“I think that’s the ultimate way of living today and I think it’s the way we should structure a community, as a welfare country. I really believe in this way of living. We specifically chose this kibbutz because it was more socialist than other kibbutzim we looked at. The essence of kibbutz living is giving up material things for yourself in order to balance life with other people who have less.”
Eichler took the usual post-army trip after completing his IDF service. He went to India, where he met someone who set him on the current direction of his life.
“I met a woman from Israel. She was working with at-risk youth. I came back to Israel and started working with at-risk youth as well. I worked with people with cognitive disabilities, and I realized that most of the offerings for people with cognitive disabilities are isolated offerings, activities away from the community. So I initiated a party, a party for people with these disabilities. I invited people from a list of mental health institutions that I got from a social worker I knew. I rented a club in the center of Tel Aviv and had the party. That’s how I got into the field of mental health.”
He immediately decided to take a fresh approach.
“In the traditional way of treating people with disabilities, the society looks for solutions that are kind of like babysitting. Give them something to occupy themselves, and that’s it. Put hundreds, thousands of people together to sit all day, doing basic chores, day in, day out, for the rest of their lives. People can’t strive like this. And there are no interactions between these people and people in the community.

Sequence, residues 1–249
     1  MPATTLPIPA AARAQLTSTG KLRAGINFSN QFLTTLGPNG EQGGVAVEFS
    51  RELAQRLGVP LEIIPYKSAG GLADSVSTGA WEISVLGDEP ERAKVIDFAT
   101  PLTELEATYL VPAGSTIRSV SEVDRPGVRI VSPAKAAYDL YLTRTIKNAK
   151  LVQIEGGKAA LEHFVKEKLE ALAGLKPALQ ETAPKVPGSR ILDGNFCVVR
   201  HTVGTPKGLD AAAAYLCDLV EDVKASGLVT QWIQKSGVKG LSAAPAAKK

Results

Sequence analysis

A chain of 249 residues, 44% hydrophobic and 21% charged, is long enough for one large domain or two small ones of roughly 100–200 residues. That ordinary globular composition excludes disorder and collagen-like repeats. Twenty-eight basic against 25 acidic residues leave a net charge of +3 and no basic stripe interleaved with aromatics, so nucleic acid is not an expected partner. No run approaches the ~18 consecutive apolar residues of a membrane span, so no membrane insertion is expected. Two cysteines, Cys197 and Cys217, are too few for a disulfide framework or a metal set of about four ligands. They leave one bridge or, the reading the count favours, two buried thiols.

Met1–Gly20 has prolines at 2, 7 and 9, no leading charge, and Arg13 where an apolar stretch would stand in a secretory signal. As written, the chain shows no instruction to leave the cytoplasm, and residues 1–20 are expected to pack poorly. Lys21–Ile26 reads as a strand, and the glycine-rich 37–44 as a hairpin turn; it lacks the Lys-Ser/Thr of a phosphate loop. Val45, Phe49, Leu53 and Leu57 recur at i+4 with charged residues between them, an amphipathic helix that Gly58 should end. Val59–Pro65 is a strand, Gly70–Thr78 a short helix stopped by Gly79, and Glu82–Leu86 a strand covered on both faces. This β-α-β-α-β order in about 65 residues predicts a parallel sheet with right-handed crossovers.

“That’s what we challenge. Instead of shelter, keeping them isolated, we’ve been doing the integrative unit. Two assumptions: 1) We want as much interaction between people in the community and people with disabilities as possible. We want the community to see them, talk with them, and have a meaningful conversation. 2) We want these people to strive and meet their full potential. One way we do this is through the integrative unit. Like the bookshops and cafés.”
WE ENTER the Rebook Secondhand Bookshop on 177 Weizman Street in Kfar Saba, one of 17 such shops throughout Israel. Every book in the store is NIS 20. Both Hebrew and English, they range from small paperbacks to large, originally quite expensive art books. On the day I visited during the intermediate days of Passover, the special holiday price was two for NIS 20. People donate books, some outright, others for a trade-in value of NIS 5, discounting the price of whatever book they take away to NIS 15.
Says Elias, who greets me at the door, “This is a very nice place to work.” Adds Nimrod, “I do selection of the books to put on the shelves. And I work sometimes as cashier. And I help find books for customers on the Internet shop.”
Does he enjoy working here?
“Yes, it’s very fun. I enjoy it very much.” Elad explains, “Each book here is only 20 shekels. That’s much cheaper compared to Steimatsky and Tzomet. You can find here books in endless categories. People like to come to this store. It’s a good idea. And we here represent handicapped people. We show that people with mental illness are also part of the society in Israel.”